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What is carbon trading?

Carbon trading is the process of buying and selling permits and credits to emit carbon dioxide. It has been a central pillar of the EU’s efforts to slow climate change. The world’s biggest carbon trading system is the European Union Emissions Trading System (EU ETS). It is beset with problems and corruption and yet countries such as Brazil and China continue to pursue carbon trading as a way to tackle rising emissions.

Carbon trading is increasingly criticised, not least because carbon dioxide emissions in industrialised countries are not declining at the necessary rate to avert catastrophic climate change.

For more information about carbon trading, see Fern’s beginners guide Trading Carbon. How it works and why it's controversial, or the 20 page version 20 page version Designed to fail.

Fern and many scientists, economists and NGOs believe that carbon trading is a dangerous distraction from the need to end fossil fuel use and move to a low carbon future. We do not have time to wait for a high price on carbon: we must shift to a low carbon energy, agriculture, transport and industrial world now. The best way to do this is through direct regulation.

Fern’s initial interest in carbon trading came about because trees were seen as a way of offsetting carbon cheaply, while simultaneously providing money to protect trees. What are offsets explains why you can never offset carbon by protecting or planting trees. There is also no evidence that carbon trading has lived up to the promise of providing money.

Despite the flaws inherent in pollution trading, the concept continues to appear in proposals to reduce environmental harm. For more information visit our campaign on biodiversity offsetting.

Campaigns: 

Most recent publications

NGO Report reveals why EU should not fund forest carbon projects

Ten years ago, the EU invested over 1.5 million Euros in the N’hambita carbon project in Mozambique, a model scheme to show how forests could be used to offset industrial emissions. This press release coincides with the release of a report – ‘Carbon Discredited' -  explaining why forest carbon projects fail to provide climate, environment, development  or financial gains. The organisations call on the EU and Member States to stop funding carbon offset projects, including REDD+ projects.

Carbon Discredited: Why the EU should steer clear of forest carbon offsets

The N’hambita Forest Carbon Offset Pilot Project, run by the company Envirotrade, and initially funded by European Commission (EC) money, has failed to deliver most of its climate change, development, financial and learning objectives. Envirotrade suggest that emissions have been offset against supposed carbon stores in Mozambique, which they cannot calculate because of the problems inherent in baselines and the impossibility of verifying claimed savings.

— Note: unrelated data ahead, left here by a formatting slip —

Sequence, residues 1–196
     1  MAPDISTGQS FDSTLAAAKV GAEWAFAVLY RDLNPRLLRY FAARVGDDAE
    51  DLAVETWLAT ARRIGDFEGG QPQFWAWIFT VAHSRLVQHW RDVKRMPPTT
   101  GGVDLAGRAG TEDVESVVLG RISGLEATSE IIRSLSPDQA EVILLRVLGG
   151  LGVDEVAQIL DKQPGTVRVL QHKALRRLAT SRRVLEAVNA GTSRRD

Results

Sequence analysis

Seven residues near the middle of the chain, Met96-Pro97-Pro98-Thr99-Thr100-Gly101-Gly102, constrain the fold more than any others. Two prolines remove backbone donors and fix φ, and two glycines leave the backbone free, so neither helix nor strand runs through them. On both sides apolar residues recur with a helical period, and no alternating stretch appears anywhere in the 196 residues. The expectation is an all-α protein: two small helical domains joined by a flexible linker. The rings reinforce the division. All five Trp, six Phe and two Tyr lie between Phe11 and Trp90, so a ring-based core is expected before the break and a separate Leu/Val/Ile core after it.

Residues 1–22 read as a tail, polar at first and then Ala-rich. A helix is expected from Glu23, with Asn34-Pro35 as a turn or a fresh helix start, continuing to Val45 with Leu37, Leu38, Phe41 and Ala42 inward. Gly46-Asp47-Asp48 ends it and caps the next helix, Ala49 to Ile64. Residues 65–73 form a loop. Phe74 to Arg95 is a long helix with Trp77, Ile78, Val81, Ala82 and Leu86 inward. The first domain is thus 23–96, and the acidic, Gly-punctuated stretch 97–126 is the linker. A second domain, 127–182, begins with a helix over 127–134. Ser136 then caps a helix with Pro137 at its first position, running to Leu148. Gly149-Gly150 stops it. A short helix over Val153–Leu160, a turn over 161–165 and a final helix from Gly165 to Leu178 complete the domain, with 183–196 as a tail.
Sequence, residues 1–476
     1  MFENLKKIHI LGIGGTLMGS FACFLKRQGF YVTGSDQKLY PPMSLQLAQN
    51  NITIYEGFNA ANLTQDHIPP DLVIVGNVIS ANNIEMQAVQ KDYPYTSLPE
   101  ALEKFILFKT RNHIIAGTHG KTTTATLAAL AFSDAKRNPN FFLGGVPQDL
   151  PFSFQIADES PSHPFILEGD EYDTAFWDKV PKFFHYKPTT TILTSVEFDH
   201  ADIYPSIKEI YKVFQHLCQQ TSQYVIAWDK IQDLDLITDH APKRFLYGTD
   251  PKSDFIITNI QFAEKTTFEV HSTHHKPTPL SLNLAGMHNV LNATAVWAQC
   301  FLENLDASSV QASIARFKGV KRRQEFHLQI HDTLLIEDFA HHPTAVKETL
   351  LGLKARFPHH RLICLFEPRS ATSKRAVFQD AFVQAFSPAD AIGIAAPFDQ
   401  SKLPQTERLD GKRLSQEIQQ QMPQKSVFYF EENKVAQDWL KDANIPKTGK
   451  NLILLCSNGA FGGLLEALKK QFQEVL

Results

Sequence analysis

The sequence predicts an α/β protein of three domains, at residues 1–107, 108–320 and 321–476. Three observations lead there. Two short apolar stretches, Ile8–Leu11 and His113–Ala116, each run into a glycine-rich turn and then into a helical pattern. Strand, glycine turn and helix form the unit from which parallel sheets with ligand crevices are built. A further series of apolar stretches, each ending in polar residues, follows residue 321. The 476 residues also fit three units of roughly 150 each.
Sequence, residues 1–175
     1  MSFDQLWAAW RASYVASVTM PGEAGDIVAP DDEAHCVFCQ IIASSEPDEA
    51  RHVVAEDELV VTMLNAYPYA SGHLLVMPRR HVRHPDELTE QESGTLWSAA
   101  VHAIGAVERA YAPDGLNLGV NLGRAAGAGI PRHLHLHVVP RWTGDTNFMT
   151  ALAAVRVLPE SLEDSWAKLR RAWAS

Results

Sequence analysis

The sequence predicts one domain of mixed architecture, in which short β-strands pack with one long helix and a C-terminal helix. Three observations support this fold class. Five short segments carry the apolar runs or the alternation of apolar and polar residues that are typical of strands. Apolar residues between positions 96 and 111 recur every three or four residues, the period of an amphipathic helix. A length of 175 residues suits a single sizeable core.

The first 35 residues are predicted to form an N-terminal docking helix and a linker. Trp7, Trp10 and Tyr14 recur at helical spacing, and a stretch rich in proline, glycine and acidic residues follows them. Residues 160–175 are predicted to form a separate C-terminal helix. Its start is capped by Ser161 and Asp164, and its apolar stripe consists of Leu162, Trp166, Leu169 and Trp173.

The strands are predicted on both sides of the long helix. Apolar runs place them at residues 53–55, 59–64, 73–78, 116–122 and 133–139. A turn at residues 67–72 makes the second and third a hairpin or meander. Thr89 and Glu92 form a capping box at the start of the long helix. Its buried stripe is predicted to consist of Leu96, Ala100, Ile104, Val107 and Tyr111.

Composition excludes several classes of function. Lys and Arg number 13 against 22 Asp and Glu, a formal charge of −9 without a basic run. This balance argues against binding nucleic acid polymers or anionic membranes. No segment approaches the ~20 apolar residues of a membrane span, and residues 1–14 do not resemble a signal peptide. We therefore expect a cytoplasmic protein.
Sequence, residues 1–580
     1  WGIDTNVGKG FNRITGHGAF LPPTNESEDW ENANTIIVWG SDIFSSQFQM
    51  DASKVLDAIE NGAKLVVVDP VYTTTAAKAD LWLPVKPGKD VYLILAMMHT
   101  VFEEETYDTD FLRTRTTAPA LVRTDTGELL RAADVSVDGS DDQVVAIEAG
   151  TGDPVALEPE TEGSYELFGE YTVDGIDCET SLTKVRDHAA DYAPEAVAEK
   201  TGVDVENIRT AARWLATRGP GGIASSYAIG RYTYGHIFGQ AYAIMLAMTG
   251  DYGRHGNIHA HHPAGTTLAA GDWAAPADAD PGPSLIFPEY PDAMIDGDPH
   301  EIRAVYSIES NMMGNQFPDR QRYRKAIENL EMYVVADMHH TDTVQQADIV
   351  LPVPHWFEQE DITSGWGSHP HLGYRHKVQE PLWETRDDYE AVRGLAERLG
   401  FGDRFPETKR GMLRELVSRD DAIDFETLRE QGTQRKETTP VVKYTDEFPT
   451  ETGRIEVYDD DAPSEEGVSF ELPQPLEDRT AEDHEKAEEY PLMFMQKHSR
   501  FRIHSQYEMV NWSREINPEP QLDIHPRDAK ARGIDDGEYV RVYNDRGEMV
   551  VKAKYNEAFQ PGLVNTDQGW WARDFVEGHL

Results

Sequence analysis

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PDF iconNhambita_internet.pdf773.13 KB

EU ETS manipulates State Aid Rules: UK uses public money to subsidise polluters

Released on 3 June 2013, the day energy intensive industries in the United Kingdom (UK) may apply for subsidies of up to Euro 295 million to offset any increase in energy prices as a result of the European Union Emissions Trading Scheme (EU ETS), this press release launches FERN's new briefing "Subsidising climate change" which puts these subsidies into a context of low carbon prices and historic windfall profits for industry from the EU ETS.

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PDF iconState Aid Press Release_Final.pdf319.53 KB

Subsidising Climate Change: How industry uses the EU ETS to manipulate State Aid rules for their own profit

This short briefing looking at how State Aid is being used to offset the indirect costs of the EU Emissions Trading Scheme (EU ETS). The Commission is attempting to remedy the low price of carbon, but State Aid guidelines mean that Member States can use public money to cushion any increase in price that is achieved. The briefing concludes that price-driven tools will never be strong enough to shift the EU out of fossil fuel and into sustainable renewable energy.

Europe cannot drill its way to a low-carbon economy, say climate justice groups

This press release warns that EU leaders' discussions about how to lower energy prices and ‘improve’ European industrial competitiveness must not be a smoke-screen for furthering fossil fuel extraction including shale gas.

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PDF iconPR_May22_EnergySummit.pdf20.03 KB

NGO report busts the myths of the Emissions Trading Scheme

This press release European Parliament was launched in advance of a vote on the European Commission's proposal to backload 900 million emissions permits within the EU Emissions Trading Scheme (EU ETS). This vote assumes the EU ETS can be reformed, but ahead of the vote, a new report shows that the problems of the EU ETS are systemic and unresolvable. Keeping this failed system in place would further delay real action to reduce emissions in Europe.

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